Specsavers: In three years, we will be based largely on the cloud
Cloud will underpin opticians' focus on exciting new technology projects
Specsavers' IT will be housed mostly in the cloud in three years' time, according to its CIO.
Phil Pavitt is offloading the management of decades of legacy infrastructure at the opticians to Accenture in a five-year deal, as he concentrates on projects designed to prioritise customer data, create a worldwide digital presence for his brand, and reorganise his back office.
Some of these schemes will eventually be based in a private cloud, he told Cloud Pro, allowing Specsavers to realise some benefits of having a virtualised infrastructure.
Pavitt said: “We are looking at cloud-based infrastructure globally. We are also changing our network provision globally, so they will be the underpinning elements of those big three change programmes.
“I wouldn’t say [they will be based on the cloud] straight away, it will be a migration over the next two or three years [when], yes, we’ll be largely based on the cloud.”
Legal issues like data not being able to leave certain countries could limit Specsavers' cloud use, but Pavitt said the aim is to create a network that spans geographies to give the company one single backbone on which systems can be hosted.
“We need a strong global presence, and cloud-based gives us the computing power we need,” he said. “We have thousands of retail outlets so we need a strong network to maintain that. That’s why we’re very attracted to the cloud.
“There will be some public but primarily it'll be at the private cloud end. Like everybody who experiments in this space, we’ll probably start there and as time goes by and we get more confident, we’ll probably take advantage of more and more public cloud.”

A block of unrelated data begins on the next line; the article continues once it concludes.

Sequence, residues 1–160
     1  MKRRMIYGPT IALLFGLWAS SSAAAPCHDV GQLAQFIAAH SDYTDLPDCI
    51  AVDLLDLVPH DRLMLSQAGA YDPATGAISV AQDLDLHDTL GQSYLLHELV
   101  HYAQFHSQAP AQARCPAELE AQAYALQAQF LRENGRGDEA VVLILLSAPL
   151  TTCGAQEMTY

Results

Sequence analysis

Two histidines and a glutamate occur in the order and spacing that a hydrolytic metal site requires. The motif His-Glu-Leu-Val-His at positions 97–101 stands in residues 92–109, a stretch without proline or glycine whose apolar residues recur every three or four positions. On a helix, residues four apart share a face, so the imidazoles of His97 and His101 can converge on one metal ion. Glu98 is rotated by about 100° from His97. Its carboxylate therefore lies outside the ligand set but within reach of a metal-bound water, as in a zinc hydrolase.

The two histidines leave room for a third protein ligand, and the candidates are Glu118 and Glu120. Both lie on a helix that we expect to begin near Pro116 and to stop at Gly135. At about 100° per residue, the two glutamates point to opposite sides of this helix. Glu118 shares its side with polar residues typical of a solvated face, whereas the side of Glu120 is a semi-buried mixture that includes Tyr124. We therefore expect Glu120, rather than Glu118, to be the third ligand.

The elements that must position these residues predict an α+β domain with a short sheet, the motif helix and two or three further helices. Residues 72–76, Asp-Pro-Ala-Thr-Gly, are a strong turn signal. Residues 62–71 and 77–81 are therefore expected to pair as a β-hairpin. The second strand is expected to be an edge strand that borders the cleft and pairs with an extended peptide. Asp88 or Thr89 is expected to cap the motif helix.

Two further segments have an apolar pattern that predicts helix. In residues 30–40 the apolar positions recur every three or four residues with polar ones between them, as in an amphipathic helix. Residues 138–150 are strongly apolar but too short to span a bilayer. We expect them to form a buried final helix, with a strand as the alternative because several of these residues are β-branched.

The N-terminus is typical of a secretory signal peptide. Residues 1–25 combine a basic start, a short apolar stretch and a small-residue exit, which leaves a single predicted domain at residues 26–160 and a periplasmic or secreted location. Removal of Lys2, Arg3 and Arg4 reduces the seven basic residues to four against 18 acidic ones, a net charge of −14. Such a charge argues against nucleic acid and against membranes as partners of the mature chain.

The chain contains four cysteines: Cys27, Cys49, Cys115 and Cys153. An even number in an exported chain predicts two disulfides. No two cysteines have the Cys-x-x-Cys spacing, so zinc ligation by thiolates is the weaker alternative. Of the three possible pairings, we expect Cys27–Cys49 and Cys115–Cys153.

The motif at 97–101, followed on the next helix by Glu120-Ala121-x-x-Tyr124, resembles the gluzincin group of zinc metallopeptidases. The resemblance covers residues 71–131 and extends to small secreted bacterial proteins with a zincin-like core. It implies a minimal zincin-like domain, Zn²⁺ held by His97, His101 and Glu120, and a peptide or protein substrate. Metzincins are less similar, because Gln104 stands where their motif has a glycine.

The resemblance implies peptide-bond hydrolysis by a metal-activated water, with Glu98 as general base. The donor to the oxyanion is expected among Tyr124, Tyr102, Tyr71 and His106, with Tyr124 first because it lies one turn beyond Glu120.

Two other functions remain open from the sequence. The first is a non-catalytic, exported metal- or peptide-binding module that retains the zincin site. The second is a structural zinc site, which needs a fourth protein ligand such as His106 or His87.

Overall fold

Out with the old
But first Pavitt needed to do something about what he calls Specsavers' “heritage systems” - legacy kit, some of which is now 20 years old.
This infrastructure was holding Specsavers back, not in terms of any requirement to divert resources to maintain it, but the actual technical limitations of the systems.
“There came a point where those systems didn’t stop us trading, but certainly meant we were fairly less efficient than perhaps we could have been,” he said. “They also didn’t give us the digital flexibility we need for the future.”
As Pavitt explains, Accenture will provide maintenance, support and, in some cases, minor improvements to Specsavers' legacy infrastructure in cases where that kit will be useful for a few more years.
“They are really bringing to us and for me personally a degree of comfort that says 'okay I now have a professional partner managing my heritage systems',” Pavitt says. “I now don’t have to worry so much about that, now let’s worry about our new ones.”
One of those aforementioned projects is, in fact, a cloud-based one - Specsavers is hosting customers' eye records on an eClinicalWorks cloud platform, and is linking it into Specsaver's CRM, product data, store ordering and finance systems.
Pavitt says: “We are currently piloting a new platform and we intend, once that is successful, to have a single global platform around the world, which is allowing us to bring an omni-channel solution to our retail and online presence. That’s a very important programme for us.”
The database has been implemented in New Zealand, with UK and Australia roll-outs due in 2016.
Back office centralisation
Linked to this is a project to reorganise back office IT, centralising most of Specsavers' kit on Oracle and converting smaller systems to that kernel.
“We are primarily becoming more and more Oracle at our core,” says Pavitt. “The Oracle products that we have are integrating a supply chain, logistics, manufacturing and finance, ERP. It is very hard to put those on separate systems, so having a system like Oracle who can handle all those aspects is entirely integrated makes a lot more sense.”
That said, other kit including an SAP HR system and Google software will remain separate from the Oracle systems, because they offer best of breed functionality.
Lastly, Pavitt wants to make better use of Specsavers' customer data, potentially by using it to enhance the customer experience in-store.
“Like any organisation we have lots of customer data that you don’t necessarily join up or use as well as you could,” he admits. “We are discovering that for ourselves like everybody else is. We’re trying to work out how to organise it and systemise it.”
Saying Specsavers is right in the middle of doing that, though staying quiet on the details, Pavitt adds that its millions of customers offer a “rich seam that we can actually use to help those customers have a much better experience with us”.
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